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ESS?minor grows in popularity

Irena Zajickova | Sunday, August 30, 2009

Notre Dame’s Education, Schooling and Society (ESS) minor has only existed for eight years, but during that time, it has morphed from a small program of only twelve students to one of the most popular minors in the College of Arts and Letters.

Nancy McAdams, the program’s undergraduate advisor, said the massive growth in popularity is easy to explain – the minor’s subject matter is unique.

“I think it has filled a need on campus that was there that no one has recognized,” McAdams said. “Students want to learn about education. They come from good educational backgrounds, so that’s inspired them to learn about education. Also, a lot of them want to give back to the community, so ESS teaches them how to give back to the community in a very satisfying way.”

The ESS curriculum is comprised of a combination of traditional lecture classes and a senior-year research component, where students conduct studies at local schools targeting specific problems. McAdams said this research is a pivotal part of the minor because it shows students how they can help.

“It gives them the satisfaction of working on real problems, so they feel like they’re doing something authentic that will make a difference,” she said.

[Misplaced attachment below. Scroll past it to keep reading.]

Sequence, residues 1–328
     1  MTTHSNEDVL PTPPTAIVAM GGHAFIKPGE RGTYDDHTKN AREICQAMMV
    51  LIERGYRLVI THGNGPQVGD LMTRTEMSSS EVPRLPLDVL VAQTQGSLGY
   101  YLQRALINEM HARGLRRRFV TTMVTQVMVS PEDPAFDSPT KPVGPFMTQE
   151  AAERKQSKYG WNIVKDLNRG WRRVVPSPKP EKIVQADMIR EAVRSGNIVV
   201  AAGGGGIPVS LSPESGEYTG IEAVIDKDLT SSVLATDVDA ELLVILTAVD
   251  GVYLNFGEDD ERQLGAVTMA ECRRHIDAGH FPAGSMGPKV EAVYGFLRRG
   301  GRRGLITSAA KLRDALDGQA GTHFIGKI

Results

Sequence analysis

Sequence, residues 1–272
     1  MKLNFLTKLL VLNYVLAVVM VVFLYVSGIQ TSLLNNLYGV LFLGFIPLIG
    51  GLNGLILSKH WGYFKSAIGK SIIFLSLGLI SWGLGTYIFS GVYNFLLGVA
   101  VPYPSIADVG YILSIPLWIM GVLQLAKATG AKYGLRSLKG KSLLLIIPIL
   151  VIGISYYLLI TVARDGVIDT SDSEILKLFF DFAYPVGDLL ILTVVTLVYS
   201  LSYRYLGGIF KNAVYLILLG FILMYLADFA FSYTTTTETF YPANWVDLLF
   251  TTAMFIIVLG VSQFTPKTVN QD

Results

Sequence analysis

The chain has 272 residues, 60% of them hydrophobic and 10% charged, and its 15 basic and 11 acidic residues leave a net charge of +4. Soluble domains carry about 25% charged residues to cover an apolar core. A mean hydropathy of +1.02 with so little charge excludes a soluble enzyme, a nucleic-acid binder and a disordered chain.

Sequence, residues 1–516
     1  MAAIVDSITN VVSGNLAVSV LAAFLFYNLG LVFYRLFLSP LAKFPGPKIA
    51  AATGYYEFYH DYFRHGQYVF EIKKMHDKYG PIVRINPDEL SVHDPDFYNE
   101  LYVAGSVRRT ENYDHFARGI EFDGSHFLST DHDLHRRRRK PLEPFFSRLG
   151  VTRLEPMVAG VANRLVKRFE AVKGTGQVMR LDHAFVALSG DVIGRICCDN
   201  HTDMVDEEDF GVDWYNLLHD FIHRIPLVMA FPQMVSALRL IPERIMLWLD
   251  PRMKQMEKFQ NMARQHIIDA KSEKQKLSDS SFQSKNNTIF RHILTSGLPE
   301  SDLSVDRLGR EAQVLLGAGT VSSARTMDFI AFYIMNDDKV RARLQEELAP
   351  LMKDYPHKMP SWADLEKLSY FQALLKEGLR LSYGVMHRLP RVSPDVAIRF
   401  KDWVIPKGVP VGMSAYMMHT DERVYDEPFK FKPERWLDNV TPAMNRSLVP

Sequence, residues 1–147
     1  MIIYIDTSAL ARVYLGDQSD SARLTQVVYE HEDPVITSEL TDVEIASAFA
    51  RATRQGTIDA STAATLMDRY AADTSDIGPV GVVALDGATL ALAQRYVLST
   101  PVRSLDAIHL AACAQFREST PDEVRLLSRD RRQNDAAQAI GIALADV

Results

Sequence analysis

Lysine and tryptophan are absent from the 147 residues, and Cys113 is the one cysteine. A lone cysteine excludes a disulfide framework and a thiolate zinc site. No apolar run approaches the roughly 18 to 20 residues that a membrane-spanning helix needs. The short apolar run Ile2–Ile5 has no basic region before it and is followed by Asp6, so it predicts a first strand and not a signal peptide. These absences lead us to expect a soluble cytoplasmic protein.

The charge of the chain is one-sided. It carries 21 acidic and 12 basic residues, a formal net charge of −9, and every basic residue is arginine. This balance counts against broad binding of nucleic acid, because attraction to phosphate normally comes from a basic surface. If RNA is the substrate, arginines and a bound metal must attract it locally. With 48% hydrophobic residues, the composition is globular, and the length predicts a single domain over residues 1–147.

The minor has about 100 students every year. Although some students who minor in ESS decide not to go into education, those who plan to will benefit from the strong foundation it provides, according to junior Elizabeth Young.

“The ESS minor is kind of like the sociology of education as opposed to a teacher certification program,” she said. “I think it will give me a good background to work with Spanish-speaking children or get involved with ESL classes.”

Senior Tommy Walton said ESS complements his computer science major and has helped him develop a career path.

“I became an ESS minor because I am studying to be a videogame developer, and I was interested in researching the effectiveness of videogames as educational tools,” he said.

Another benefit of the ESS minor is the variety of electives offered, Young said.

“I think the ESS minor gives its students a lot of flexibility and freedom to pursue their individual education-related interests,” Young said. “Students can take anything from abnormal psychology to Mexican-American history to coaching youth sports and it all counts toward the minor.”

Whatever students’ reasons for minoring in ESS, McAdams said choosing to do so will help them in later life, especially if they decide to go into education and try to improve the education system.

“I wish I’d had this minor, I would’ve understood going right into the classroom what is the best way to approach education so that the students will be participating citizens later in their lives,” she said.